Thursday, 15 August 2013

The Scott brothers' film about Gettysburg

During a protracted break in the slow but inexorable process of tidying up my toy/wargames room I took time out to watch a DVD that I bought some weeks ago. It was originally produced as a film for the History Channel by Ridley and the late Tony Scott, and makes use of a combination of CGI and film footage of actors and re-enactors. The result was somewhat different from its somewhat better known namesake film, GETTYSBURG.

The film begins with a warning that some viewers might find some of the scenes disturbing ... and now that I have watched the film I can see why. The Scott brothers have not flinched from showing the brutality of war and its aftermath, and by telling the stories of eight individuals – none of who escape unscathed from the battle in one form or another – it has a very personal edge to it.

The individuals whose roles in the battle are followed are:
  • Lieutenant Colonel Rufus Dawes
  • Sergeant Amos Humiston
  • Colonel James Wallace
  • Brigadier General William Barksdale
  • Brigadier General Joseph R. Davis
  • Assistant Surgeon LeGrand Wilson
  • Private Joseph C. Lloyd
  • Private D. Ridgeley Howard

I would not say that I 'enjoyed' watching this DVD ... but I am glad that I did.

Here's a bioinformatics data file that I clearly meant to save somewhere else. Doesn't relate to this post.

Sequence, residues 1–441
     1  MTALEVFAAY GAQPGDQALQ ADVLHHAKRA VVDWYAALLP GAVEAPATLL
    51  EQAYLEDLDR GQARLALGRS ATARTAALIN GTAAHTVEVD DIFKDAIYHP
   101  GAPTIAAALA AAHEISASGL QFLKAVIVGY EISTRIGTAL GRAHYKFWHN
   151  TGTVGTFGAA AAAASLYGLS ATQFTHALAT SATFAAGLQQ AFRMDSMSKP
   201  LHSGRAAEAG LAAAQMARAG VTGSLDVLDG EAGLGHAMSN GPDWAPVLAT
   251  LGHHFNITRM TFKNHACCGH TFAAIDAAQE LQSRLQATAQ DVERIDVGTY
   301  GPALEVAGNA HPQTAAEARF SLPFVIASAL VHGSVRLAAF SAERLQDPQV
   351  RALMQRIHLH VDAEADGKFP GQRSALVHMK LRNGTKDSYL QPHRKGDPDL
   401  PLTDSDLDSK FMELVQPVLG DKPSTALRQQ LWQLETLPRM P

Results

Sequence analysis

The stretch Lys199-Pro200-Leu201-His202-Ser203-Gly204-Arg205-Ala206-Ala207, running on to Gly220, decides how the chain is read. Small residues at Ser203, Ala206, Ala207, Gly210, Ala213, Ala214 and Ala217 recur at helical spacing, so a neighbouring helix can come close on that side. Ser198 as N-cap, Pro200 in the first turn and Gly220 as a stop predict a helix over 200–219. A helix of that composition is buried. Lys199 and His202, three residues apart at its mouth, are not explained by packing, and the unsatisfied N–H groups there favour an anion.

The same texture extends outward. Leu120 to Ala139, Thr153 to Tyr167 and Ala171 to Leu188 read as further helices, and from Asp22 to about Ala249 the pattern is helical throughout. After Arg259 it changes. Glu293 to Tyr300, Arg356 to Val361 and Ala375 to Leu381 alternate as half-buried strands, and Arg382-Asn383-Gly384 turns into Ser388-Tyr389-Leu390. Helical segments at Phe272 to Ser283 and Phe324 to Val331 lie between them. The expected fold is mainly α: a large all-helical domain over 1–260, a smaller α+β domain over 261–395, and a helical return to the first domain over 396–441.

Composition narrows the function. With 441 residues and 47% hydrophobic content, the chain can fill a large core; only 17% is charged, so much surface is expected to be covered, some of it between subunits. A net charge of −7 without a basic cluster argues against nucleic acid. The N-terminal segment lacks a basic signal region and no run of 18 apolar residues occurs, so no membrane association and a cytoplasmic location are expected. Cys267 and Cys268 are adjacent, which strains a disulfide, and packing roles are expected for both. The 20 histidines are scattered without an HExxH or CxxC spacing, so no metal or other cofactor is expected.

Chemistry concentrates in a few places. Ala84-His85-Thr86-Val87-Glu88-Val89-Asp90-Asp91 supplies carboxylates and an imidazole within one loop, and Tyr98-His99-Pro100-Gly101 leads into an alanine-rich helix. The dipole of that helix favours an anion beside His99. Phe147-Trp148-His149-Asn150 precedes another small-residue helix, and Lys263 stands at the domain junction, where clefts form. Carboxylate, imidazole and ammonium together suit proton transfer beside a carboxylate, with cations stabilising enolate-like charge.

1. I thought this was a pretty interesting and different take on Gettysburg and I particularly enjoyed the attention paid to the fighting at Culp's Hill, which is somewhat neglected in other treatments on the battle.

  2. Grumble Jones,

    It certainly did have a different slant on it from others things that I have seen and read about the Battle of Gettysburg ... and it valuable for that alone. For example, the fighting on Culp's Hill, Sickles's stupidity in moving forward without orders, and Barksdale's role in the attack on the southern end of the 'fishhook' all tend to be ignored or glossed over elsewhere.

    I don't think that the gore was overdone (this was one 'complaint' that I read in a review of the film) and the whole thing looked a bit more realistic than its namesake film. (The soldiers and uniforms looked quite dirty and ragged, especially once the fighting started.)

    Not a comfortable film to watch, but nonetheless it was very worth watching.

    All the best,


  3. I was glad I watched it as it was quite entertaining and informative!

  4. Francis Lee,

    Informative ... 'Yes!'; Entertaining ... for a documentary 'Yes!' ... but I wonder how many people bought it thinking that they were getting the other version!

    All the best,


  5. Thanks for the review.

    Not really interested in ACW but will have to give this one a look.

  6. Pat G,

    It might be worth seeing if it appears on the History Channel or you can buy the DVD in a sale.

    All the best,



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